What was on Hollywood's reading pile last week? A buried treasure that bypassed Tom Cruise, an uncorked novel from Sideways author Rex Picket. Plus, a new Bad Girl in town?

Sometimes even Tom Cruise has to wait to get what he wants. The actor-producer and his longtime partner Paula Wagner bid with Paramount for the rights to film author Michael Stadther's self-published kids' book A Treasure Trove—but their offer was refused. In A Treasure Trove, readers are led on a real-life treasure hunt for 12 tokens hidden across the country (Each token can be redeemed for a piece of one-of-a-kind jewelry; total worth: $1 million.) Paramount was far from the only interested party, and once word got out that the Firm's Alan Nevins had serious interest in the title, it wasn't exactly easy for producers to get their hands on the book, which has been almost completely sold out of L.A. and New York bookstores for weeks. Still, interest is high and some enthusiastic execs say the movie—when the rights are finally sold—could start a Potter-sized franchise.

You could call it a lateral move. When a first novel is made into a film that scoops up five Academy Award nominations and two Golden Globes, it's inevitable that the author's followup will shoot to the top of every scout's hot list. So when rumor spread that Rex Pickett, the author of Sideways, had delivered a brief summary of his new novel, The Road Back, it didn't take long for scouts to wrest it out of his option publisher, St. Martin's. But the story—another road trip, this time about a son driving his ailing mother cross-country and based on an old screenplay the author wrote—has received a chilly reception from some scouts. One New York scout who read it and is not recommending it to clients asked, "Didn't we just see this movie?" Perhaps, but isn't it a little premature to dismiss something based on a two-page synopsis? Sideways didn't attract much film interest until book-friendly director Alexander Payne (who also co-adapted Tom Perotta's Election and Louis Begley's About Schmidt) sparked to it. Sometimes manuscripts, like good wines, just need time to breathe.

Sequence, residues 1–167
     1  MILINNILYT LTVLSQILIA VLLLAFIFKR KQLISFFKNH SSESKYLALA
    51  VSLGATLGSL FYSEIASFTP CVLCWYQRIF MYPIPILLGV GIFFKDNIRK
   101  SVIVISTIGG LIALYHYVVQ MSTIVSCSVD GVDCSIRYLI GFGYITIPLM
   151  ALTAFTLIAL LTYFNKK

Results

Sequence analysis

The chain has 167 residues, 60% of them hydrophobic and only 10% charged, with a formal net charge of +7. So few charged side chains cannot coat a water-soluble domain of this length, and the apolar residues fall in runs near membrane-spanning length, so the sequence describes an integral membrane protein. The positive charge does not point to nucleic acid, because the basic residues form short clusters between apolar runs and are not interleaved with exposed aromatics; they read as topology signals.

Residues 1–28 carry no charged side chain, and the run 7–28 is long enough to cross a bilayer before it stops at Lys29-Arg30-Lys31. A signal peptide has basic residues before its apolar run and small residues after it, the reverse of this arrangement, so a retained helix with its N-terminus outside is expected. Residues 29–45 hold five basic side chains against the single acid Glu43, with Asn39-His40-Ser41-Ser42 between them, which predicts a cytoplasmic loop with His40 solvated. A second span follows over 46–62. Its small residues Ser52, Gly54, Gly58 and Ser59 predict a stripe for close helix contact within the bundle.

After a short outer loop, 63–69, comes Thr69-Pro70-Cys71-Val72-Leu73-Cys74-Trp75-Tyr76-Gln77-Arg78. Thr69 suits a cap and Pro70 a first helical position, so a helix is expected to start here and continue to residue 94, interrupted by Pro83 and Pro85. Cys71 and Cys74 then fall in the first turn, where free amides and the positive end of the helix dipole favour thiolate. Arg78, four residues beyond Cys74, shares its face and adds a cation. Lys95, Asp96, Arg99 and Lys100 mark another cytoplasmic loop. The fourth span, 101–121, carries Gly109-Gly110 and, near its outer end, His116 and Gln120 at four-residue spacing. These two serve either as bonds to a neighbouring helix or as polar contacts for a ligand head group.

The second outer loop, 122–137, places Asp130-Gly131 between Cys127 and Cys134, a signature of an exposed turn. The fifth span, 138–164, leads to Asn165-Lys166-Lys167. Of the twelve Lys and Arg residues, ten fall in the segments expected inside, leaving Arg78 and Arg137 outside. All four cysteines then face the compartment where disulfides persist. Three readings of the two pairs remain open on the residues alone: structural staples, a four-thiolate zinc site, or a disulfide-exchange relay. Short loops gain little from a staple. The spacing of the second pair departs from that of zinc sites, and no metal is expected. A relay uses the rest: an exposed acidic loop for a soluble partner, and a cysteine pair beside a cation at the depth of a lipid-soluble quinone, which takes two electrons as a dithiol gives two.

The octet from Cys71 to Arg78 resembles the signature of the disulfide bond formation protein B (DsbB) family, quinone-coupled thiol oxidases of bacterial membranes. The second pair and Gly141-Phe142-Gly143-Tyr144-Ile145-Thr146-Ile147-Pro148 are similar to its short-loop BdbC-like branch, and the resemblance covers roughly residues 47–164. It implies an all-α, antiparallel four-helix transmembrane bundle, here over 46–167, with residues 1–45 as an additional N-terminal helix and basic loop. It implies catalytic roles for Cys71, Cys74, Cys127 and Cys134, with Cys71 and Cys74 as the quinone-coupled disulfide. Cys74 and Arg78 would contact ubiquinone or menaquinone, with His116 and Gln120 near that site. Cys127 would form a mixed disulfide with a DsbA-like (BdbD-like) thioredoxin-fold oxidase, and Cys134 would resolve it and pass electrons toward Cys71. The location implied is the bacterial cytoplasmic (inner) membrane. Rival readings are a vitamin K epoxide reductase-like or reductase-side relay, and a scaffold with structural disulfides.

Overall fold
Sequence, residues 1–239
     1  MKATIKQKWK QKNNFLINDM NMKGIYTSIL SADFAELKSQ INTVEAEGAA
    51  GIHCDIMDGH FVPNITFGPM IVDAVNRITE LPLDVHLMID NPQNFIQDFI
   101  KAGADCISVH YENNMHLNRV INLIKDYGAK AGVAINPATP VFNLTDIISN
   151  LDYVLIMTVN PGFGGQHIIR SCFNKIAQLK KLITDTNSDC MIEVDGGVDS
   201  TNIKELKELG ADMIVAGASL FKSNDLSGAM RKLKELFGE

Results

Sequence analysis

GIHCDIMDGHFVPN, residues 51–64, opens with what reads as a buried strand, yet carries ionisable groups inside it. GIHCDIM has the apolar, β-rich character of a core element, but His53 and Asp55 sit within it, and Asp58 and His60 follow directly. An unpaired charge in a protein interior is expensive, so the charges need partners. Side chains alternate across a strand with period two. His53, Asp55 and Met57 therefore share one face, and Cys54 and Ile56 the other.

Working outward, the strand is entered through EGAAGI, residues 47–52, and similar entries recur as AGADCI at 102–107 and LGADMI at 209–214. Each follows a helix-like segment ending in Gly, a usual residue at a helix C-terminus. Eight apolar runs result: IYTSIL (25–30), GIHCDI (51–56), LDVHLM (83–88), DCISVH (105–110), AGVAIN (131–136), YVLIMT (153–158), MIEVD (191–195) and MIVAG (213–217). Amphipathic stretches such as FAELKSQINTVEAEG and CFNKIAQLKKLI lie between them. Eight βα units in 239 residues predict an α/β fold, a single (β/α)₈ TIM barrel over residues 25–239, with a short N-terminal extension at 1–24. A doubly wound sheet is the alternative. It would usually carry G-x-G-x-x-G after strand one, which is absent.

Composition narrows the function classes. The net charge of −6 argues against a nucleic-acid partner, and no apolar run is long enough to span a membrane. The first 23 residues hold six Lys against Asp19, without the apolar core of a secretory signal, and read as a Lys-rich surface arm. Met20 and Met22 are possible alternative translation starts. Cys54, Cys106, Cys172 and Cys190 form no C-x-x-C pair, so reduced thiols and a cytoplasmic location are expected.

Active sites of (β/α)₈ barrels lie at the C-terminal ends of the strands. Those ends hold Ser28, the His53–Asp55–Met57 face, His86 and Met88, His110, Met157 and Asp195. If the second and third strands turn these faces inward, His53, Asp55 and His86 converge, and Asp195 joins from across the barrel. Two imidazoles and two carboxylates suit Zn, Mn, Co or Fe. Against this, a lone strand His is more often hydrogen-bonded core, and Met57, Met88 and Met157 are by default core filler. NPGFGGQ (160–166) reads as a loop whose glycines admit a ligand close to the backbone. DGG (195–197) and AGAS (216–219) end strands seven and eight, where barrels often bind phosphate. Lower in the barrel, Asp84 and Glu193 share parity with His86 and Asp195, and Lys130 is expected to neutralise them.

By now, every aspiring writer knows that blogging can land you a book deal faster than two years at Iowa. But that doesn't necessarily translate to film. This week, 30-something blogger Jen Lancaster, a former dot-com high-flyer who squandered her six-figure salary on nothing important, has just sold her succinctly titled memoir, Bitter Is the New Black: Confessions of a Condescending, Egomaniacal Smartass, or Why You Should Never Carry a Prada Bag to the Unemployment Office, to NAL for a tentative spring 2006 pub date. But film execs who've seen the proposal say it may be too similar in tone to UPN's upcoming Jenny McCarthy sitcom, The Bad Girl's Guide (which, considering McCarthy's 0 for 6 pilot track record, may not be such a good thing).

Briefs... One of the week's Hot Deals (click here to read the article) was WMA's Suzanne Gluck's sale to Holt of Jeremy Blachman's Anonymouslawyer.com, a dark, unsparing look at life inside a high-powered law firm. But the verdict among the filmies is a little different: good read, tough movie, they say. And then there's Amber Frey, convicted murderer Scott Peterson's onetime girlfriend and the author of the tell-all Witness: For the Prosecution of Scott Peterson. No sooner had her Regan Books title appeared than Frey's attorney, Gloria Allred, took it out to market. First stop: CBS, which scooped it up. Braun Entertainment will produce. Patricia Arquette as Amber?